At the Rural Life Celebration on Aug.12, Owensboro Grain Executive Vice President, John Wright, presented the attendees with the exciting news that the refinery would soon be using soybean oil and biodiesel to create candle wax.
Wright said this was in an effort to “convert more ag-based products,” with the goal of building a bio-refinery to continue to build more markets and products.
“We hope to start the commissioning process the first of October,” Wright said, “to convert both soybean oil and soy methyl ester to a wax component for candles.”
In prior years, most of the candle wax in the U.S. was made from paraffin wax. Paraffin comes from petroleum and a byproduct of petroleum. While paraffin does create a good wax, it lets off emissions that are not the best for you environmentally.
More recently, those in the candle industry have been trying to use alternative components that are better to breathe and better for the environment. Soybean oil is one of those alternatives which can be substituted up to a certain percentage.
Wright says the candle industry has become a lot more sophisticated than it once was. The industry, and consumers, now focus on scent, color and appearance when selecting candles.
However, candle development is not a process that takes place very quickly. Wright said it has been almost a four-year-long process for Owensboro Grain because of the many details that go into the research of the candle components, from wick length to the amount of smoke emission.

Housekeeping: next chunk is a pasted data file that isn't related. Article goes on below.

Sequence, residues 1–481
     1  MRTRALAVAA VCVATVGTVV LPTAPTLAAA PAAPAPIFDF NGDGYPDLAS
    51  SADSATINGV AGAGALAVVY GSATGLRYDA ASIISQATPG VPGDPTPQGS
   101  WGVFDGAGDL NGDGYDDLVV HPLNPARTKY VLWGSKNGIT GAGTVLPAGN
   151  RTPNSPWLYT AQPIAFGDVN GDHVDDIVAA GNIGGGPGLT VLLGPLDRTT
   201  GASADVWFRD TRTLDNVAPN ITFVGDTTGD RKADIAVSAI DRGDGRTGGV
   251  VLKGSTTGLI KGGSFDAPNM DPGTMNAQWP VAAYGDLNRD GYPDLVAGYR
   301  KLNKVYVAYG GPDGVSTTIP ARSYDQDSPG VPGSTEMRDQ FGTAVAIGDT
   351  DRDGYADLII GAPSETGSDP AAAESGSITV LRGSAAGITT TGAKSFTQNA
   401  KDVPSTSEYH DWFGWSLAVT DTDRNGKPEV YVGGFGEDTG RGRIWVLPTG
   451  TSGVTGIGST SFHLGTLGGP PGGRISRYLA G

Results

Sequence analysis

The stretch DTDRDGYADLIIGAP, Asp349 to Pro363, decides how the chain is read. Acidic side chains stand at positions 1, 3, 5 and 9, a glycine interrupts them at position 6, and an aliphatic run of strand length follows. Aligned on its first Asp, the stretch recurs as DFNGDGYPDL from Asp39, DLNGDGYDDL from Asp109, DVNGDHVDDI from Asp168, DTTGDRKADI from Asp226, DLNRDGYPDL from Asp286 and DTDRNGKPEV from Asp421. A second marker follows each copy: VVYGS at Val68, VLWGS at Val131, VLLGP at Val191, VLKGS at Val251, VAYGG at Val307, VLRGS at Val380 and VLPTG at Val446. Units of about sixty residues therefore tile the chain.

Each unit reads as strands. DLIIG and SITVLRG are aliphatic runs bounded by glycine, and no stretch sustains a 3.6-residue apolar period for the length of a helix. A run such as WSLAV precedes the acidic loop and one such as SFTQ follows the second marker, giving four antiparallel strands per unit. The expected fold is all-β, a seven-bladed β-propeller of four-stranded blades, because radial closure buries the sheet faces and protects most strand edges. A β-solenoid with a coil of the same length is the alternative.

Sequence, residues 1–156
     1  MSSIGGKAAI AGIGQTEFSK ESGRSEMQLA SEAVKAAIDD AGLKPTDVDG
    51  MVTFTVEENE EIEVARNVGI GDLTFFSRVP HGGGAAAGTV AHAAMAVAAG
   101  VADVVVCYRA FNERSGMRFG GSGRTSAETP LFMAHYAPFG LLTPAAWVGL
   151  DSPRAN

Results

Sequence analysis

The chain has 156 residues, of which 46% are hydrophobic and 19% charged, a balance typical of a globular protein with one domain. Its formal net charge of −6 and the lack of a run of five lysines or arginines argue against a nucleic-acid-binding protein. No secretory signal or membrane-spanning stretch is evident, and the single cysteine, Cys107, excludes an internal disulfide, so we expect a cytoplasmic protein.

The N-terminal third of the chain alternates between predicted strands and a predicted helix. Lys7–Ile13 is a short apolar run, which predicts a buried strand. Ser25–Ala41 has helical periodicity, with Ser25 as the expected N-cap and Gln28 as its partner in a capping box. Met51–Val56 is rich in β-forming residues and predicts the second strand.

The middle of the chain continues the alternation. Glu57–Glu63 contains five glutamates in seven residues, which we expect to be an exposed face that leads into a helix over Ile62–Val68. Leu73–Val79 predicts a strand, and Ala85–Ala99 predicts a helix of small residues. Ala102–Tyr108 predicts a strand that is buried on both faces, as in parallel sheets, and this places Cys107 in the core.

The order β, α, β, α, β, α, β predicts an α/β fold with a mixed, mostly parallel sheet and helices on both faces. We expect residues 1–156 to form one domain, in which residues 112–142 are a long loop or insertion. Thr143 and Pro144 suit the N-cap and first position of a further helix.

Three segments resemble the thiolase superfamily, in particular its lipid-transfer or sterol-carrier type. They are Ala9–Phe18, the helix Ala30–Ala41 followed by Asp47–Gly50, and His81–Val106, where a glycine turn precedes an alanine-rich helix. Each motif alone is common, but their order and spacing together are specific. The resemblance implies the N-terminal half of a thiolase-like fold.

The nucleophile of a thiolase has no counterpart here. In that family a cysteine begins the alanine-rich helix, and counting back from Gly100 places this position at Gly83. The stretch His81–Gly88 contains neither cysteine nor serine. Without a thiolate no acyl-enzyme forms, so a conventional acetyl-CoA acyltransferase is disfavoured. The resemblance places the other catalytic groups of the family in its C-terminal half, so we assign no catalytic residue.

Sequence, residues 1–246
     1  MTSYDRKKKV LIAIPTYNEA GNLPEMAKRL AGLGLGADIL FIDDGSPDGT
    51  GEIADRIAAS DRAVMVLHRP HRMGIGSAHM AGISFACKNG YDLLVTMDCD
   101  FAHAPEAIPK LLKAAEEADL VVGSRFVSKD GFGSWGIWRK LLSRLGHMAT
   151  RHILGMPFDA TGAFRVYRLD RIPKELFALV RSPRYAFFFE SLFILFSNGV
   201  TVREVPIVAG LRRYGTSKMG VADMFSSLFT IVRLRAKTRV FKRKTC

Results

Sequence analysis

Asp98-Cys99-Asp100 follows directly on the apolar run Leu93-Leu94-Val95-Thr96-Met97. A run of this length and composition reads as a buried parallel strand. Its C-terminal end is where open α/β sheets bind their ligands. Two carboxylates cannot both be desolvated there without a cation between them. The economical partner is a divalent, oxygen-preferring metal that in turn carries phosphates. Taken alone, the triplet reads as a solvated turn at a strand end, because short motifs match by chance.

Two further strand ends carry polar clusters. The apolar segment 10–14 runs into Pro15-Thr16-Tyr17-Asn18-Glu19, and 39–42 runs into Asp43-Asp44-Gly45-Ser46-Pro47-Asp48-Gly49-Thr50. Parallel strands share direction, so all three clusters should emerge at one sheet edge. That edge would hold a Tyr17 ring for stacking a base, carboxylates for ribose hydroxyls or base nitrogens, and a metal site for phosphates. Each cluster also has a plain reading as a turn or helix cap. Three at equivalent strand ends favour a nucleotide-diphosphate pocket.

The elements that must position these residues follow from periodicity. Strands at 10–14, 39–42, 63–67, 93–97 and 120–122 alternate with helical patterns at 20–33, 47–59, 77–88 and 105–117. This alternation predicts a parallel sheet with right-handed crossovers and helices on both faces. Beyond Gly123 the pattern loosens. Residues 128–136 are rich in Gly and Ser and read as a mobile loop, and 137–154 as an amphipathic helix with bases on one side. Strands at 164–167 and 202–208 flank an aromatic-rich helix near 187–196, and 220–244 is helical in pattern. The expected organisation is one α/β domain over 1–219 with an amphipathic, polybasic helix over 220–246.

While it has become more common to use soybean oil as a larger component for soy based wax, Wright said waxes are not just for candles.
“There are multiple applications, including cardboard box coating,” Wright said. “This is another diversified product we can supply and that the grain company can ship products to. That means a higher value of soybeans for farmers and we can pay more.”
Wright said the Owensboro Grain refinery on Ewing Road is a facility that does multiple things and hopes to continue developing more products to benefit the Owensboro farming community.
After the commissioning process takes place in a few weeks, Wright hopes to have samples of the new soy-based products that are being made.